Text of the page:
The photos show Helen wearing the skirt on Christmas Day. Her jumper, a birthday present at the end of November, is the perfect colour to go with it. The hat and socks are something else again! She had been wearing the skirt for some time when these photos were taken. I tried to suggest that when she sat she needed to smooth down the pleats but that's a whole new ball game for her.




She likes it despite its flaws and is looking forward to the real deal.




I could see that the zip was visible with certain positions (here is where it being green would have been preferable, our just leaving the gap,  perhaps with an additional fabric underlay).


I could now see how I could have done the zip - Helen wasn't keen on the modification I suggested (basically it would have involved pleasing right up to waistbands, adding an additional fold (clearly should have been there in first place!) as this would have increased bulk at the waistband and this skirt is already extremely bulky. In any case, this would have meant further major restructuring and time, removing waistbands etc, and Helen reminded  me this was a wearable toile which she wouldn't really wear after she gets  the proper  skirt.


So we compromised on me considerably tightening the skirt at the waist - by about 2” - by moving the closures. The small poppet further down just didn't hold. I had taken thread etc but not a larger poppet so we moved the existing one to a better place. The whole is not satisfactory in my opinion but hopefully Helen will get some wear from it.
I'm still not willing to tackle the proper skirt as I'm  still not sure how to get over the closure problem - I rather think I'd have been better missing out the zip here. I made the modifications but don't have a photo showing the end result.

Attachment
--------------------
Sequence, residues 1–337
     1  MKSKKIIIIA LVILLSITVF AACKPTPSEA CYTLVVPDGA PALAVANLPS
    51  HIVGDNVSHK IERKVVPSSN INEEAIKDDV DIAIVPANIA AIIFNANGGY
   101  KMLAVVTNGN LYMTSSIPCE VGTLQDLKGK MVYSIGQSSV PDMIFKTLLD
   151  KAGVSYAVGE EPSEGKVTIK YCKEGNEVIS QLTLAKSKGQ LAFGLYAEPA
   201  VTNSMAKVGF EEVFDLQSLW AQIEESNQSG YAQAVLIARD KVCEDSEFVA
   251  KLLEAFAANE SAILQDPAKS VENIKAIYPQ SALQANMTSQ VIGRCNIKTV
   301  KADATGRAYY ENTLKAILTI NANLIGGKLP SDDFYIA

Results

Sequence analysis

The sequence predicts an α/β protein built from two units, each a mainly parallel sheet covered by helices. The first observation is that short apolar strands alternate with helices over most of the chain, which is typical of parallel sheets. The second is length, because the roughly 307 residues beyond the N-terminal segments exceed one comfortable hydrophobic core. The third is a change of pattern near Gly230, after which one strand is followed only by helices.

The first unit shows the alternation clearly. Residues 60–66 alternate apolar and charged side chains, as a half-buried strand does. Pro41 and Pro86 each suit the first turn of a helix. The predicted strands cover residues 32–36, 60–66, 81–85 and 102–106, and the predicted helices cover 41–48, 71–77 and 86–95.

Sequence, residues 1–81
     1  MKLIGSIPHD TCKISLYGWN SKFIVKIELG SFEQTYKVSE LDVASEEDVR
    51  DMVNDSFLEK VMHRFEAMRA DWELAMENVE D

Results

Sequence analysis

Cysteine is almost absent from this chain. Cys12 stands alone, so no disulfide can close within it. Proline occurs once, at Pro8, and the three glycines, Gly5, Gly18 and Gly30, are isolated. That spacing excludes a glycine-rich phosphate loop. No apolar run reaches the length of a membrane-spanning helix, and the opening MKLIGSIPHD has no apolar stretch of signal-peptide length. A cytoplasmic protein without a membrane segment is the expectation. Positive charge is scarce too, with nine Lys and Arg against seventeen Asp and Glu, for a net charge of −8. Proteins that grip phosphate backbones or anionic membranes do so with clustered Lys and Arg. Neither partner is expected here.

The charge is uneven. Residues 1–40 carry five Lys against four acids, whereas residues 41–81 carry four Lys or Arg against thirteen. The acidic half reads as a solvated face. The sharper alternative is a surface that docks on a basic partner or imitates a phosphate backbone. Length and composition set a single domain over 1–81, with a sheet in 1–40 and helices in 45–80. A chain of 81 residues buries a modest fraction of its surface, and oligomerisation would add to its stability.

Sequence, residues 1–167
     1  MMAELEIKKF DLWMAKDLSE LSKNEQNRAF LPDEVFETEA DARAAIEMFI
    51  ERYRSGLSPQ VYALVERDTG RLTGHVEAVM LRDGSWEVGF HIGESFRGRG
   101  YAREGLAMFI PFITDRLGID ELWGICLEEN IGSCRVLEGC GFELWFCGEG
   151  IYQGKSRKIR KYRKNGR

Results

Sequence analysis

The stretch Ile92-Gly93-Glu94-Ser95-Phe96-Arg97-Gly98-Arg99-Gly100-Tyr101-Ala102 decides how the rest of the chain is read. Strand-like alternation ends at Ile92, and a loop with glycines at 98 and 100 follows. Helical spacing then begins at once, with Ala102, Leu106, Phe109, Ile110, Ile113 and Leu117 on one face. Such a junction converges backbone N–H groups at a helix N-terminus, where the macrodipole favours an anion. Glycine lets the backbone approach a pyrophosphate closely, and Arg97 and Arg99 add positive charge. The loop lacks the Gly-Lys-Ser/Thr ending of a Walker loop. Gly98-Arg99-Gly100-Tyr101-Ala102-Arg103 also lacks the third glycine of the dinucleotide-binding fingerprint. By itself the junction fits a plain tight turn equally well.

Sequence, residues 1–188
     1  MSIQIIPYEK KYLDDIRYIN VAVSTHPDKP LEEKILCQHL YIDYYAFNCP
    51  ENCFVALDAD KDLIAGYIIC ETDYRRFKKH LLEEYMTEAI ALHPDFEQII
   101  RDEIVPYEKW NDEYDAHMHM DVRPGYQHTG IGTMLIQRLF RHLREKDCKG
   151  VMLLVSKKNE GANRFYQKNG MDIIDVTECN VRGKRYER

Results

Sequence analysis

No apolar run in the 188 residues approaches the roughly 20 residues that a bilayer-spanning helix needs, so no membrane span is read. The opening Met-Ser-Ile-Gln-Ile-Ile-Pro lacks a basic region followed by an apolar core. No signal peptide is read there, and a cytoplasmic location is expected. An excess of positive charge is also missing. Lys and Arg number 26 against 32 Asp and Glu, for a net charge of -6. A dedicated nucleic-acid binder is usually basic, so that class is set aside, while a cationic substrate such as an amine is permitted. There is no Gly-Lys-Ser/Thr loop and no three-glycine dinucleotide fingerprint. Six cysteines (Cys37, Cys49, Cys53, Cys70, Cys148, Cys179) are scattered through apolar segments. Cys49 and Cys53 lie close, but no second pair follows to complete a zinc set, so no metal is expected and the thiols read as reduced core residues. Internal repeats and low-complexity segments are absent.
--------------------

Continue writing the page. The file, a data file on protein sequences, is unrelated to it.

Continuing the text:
Another issue is that having top-stitched or rather edge-stitched the pleats down to hip level, cutting off a chunk at the top of the skirt meant that this stitching ended well above the hip line. This level is important so the skirt doesn't lie as well as it should. Okay in a toile but certainly not in the real thing. I didn't change it. In any case, I hadn't taken my machine with me and I'm sure Helen wouldn't have let me in any case!


So what did I learn?  


Main thing, easily above anything else:
When undertaking something like this, it's essential to plan out your steps beforehand! I had simply taken the fabric and started pleating it,  matching the sets, without considering the closure. I didn't have sufficient fabric at the end for the closure, still allowing for the match. This would of course have been much easier if pattern matching hadn't been an issue.


Our family tartan has a more difficult match. The pleats would either have to be much narrower, so more pleats and more weight, or much wider with less flexibility on sizing. We are considering  pleat variations, for example multiple smallish box pleats which may currently be the front runner.


What do you think? Any advice?

Despite its problems, I rather like it,  too. I don't regret trying it, or the time spent.